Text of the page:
Nightfire mitigates MWIR scene background errors with hot source radiances measured against sensor noise backgrounds in three spectral bands: M7, M8, and M10. With zero radiance from the scene background in these bands when collected at night, the full measured radiance can be attributed to the infrared emitter with no ambiguity. Atmospheric effects on detection and estimation of temperature and source size are reduced through reliance on the 1.6 μm (M10) spectral band which is in a very clear atmospheric window (Figure 13). By expanding the number of spectral bands and widening the wavelength range (from visible to MWIR), Nightfire is able to retrieve temperatures spanning from 600 to 6,000 K (Figure 18).
Another major difference between the Dozier method and Nightfire is the vast expansion in the number of pixels for which temperature and source size retrievals are possible. Dozier could only find a handful of pixels with hot source signal in both the 3.7 and 11 μm channels on a typical night. It is rare to get hot source detection in the 11 μm channel. In contrast, Nightfire is producing temperature and source area retrievals for fifteen to twenty thousand VIIRS pixels every night.
Five types of validation analyses have been performed on Nightfire data. To compare MODIS FRP (MW) with Nightfire radiant heat (MW), a study was done for a large set of fires observed in Sumatra during June of 2013. The VIIRS and MODIS data were collected within six minutes of each other. MODIS FRP and VIIRS radiant heat were found to be highly correlated with each other. Comparison of the VIIRS active fire product with Nightfire in the Sumatra data set revealed that Nightfire detects substantially more fire pixels, probably due to Nightfire’s ability to detect hot pixels in M10 with no scene background effects. The temperature stability of an individual gas flare was demonstrated using data from a full month. Finally, the 6,000 K temperature of the Las Vegas, Nevada Luxor sky beam was confirmed with a 6,000 K Planck curve fit with Nightfire data.
There are some problems with the current version of Nightfire that the authors continue to work on. The Planck curve fitting results in unrealistic fits for certain pixels in the 500 to 700 K range. We attribute this to errors in the M12 and M13 background removal. The authors are exploring the possibility of adding an independent M12 and M13 hot pixel detection and analysis system that would be coupled to the short-wave Nightfire detection system. The other major weakness of Nightfire is the large number of pixels for which a M10 detection goes unconfirmed by any other spectral band or only with the DNB. The best solution for this would be to have M11 (2.2 μm) data collected at night by VIIRS. The M11 Lmin requirement is ten times lower than the M10 band. The authors believe that having M11 data at night would enable full Planck curve fitting for thousands of additional pixels every day and assist in noise filtering.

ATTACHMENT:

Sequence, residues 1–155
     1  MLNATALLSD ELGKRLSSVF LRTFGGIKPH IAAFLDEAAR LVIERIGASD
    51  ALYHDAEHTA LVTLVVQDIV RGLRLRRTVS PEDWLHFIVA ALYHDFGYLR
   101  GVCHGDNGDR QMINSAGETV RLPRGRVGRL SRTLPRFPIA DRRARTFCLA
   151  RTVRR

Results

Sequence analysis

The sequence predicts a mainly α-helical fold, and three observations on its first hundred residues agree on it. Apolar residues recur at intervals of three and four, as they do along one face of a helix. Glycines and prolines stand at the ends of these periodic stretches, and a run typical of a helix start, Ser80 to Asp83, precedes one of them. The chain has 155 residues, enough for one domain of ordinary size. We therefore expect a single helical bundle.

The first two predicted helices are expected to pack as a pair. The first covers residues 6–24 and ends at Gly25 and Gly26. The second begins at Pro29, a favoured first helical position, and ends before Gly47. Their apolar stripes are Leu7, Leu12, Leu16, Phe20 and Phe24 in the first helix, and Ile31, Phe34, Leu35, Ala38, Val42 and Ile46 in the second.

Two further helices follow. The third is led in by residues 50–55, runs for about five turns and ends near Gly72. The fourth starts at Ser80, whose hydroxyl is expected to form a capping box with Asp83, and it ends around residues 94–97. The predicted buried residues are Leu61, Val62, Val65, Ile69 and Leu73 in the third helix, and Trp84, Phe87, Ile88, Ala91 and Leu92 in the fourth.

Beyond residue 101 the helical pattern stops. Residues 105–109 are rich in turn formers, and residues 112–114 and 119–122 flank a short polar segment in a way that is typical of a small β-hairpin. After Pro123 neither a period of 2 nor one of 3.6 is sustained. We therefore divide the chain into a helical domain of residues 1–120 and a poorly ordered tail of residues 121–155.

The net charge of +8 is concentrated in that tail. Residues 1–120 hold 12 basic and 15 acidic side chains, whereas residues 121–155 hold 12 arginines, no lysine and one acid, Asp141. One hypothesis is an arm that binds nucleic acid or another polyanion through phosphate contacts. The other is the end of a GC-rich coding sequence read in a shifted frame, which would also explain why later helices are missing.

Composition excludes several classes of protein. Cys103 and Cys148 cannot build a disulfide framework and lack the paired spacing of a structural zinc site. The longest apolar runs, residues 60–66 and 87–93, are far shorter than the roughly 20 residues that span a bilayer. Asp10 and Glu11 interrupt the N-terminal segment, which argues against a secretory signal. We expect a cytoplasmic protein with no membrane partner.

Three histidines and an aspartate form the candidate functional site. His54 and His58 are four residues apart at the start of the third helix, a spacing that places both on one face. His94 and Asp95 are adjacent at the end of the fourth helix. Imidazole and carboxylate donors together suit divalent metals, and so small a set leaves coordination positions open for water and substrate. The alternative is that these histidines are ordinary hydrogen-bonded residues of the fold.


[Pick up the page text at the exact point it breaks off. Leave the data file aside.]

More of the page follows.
It could be argued that observations of combustion sources after midnight are of limited value. The majority of fires start during daytime hours when ambient temperatures and human activity levels are higher. Thus, the after midnight overpass of the SNPP likely under represents the extent of biomass burning. There are no known diurnal patterns known for gas flaring, which is the other type of phenomenon widely detected in Nightfire data. The advantage of Nightfire over other global fire observation data sources is the ability to consistently model Planck curves from sub-pixel heat sources over a wide span of temperatures. To our knowledge, it is the only satellite fire detection system which estimates temperature and source size for biomass burning, gas flares, and volcanoes worldwide on a daily basis.
The Nightfire development is funded by NOAA’s JPSS Proving Ground program.
Conflict of Interest
The authors declare no conflict of interest.
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|Table 1. Characteristics of the Nine Visible Infrared Imaging Radiometer Suite (VIIRS) Spectral Bands Collecting Data at Night |
|Band Designation||Spectral Range||Bandpass (μm)||Band Center (μm)||Lmin (W/(m2·μm·sr)) Requirement||Lmax (W/(m2·μm·sr)) Requirement|
|DNB||Panchromatic||0.5–0.9||0.7||3.0E−5 W/(m2·sr)||200 W/(m2·sr)|
|Table 2. Nightfire Source Area Detection Limits by Temperature.|
|Temperature (K)||Source Area (m2)|
|Table 3. Intercomparison of VIIRS Active Fire vs. Nightfire Pixel Detection Numbers in Sumatra from 19 June 2013.|
|Type||Pixel Tally||Percent of Total|
|Nightfire & VIIRS Active Fire Product||741||53%|
|VIIRS Active Fire Product Unique||81||6%|
|Table 4. Percent accuracy of Nightfire gas flare identifications from January 2013.|
|Country||Flares Identified||Unknown||Percent Accuracy|